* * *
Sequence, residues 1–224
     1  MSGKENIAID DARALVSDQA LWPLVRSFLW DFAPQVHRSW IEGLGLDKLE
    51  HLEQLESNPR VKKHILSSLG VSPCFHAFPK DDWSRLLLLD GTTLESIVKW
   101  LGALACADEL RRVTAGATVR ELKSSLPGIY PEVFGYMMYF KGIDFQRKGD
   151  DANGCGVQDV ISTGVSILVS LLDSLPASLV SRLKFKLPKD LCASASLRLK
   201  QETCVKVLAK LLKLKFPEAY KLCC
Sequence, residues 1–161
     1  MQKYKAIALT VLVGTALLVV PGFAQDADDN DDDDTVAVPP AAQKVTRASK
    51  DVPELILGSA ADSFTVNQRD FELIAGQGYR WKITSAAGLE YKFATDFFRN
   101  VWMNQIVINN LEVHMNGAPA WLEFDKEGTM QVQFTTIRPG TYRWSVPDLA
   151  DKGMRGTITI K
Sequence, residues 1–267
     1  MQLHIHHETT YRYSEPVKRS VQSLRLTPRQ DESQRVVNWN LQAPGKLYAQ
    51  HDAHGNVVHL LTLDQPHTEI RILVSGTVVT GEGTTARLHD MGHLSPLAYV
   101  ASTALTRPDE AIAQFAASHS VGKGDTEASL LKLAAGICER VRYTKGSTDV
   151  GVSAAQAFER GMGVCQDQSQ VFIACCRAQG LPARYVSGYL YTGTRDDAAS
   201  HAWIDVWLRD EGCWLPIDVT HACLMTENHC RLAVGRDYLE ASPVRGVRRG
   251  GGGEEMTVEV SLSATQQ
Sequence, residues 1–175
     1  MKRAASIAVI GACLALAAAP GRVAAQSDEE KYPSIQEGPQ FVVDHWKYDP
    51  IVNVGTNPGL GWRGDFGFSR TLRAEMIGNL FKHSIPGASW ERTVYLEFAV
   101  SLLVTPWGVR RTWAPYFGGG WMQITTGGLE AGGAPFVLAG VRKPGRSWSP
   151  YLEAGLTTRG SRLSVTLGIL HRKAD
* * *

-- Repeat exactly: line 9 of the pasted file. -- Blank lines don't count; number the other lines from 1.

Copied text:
    51  DVPELILGSA ADSFTVNQRD FELIAGQGYR WKITSAAGLE YKFATDFFRN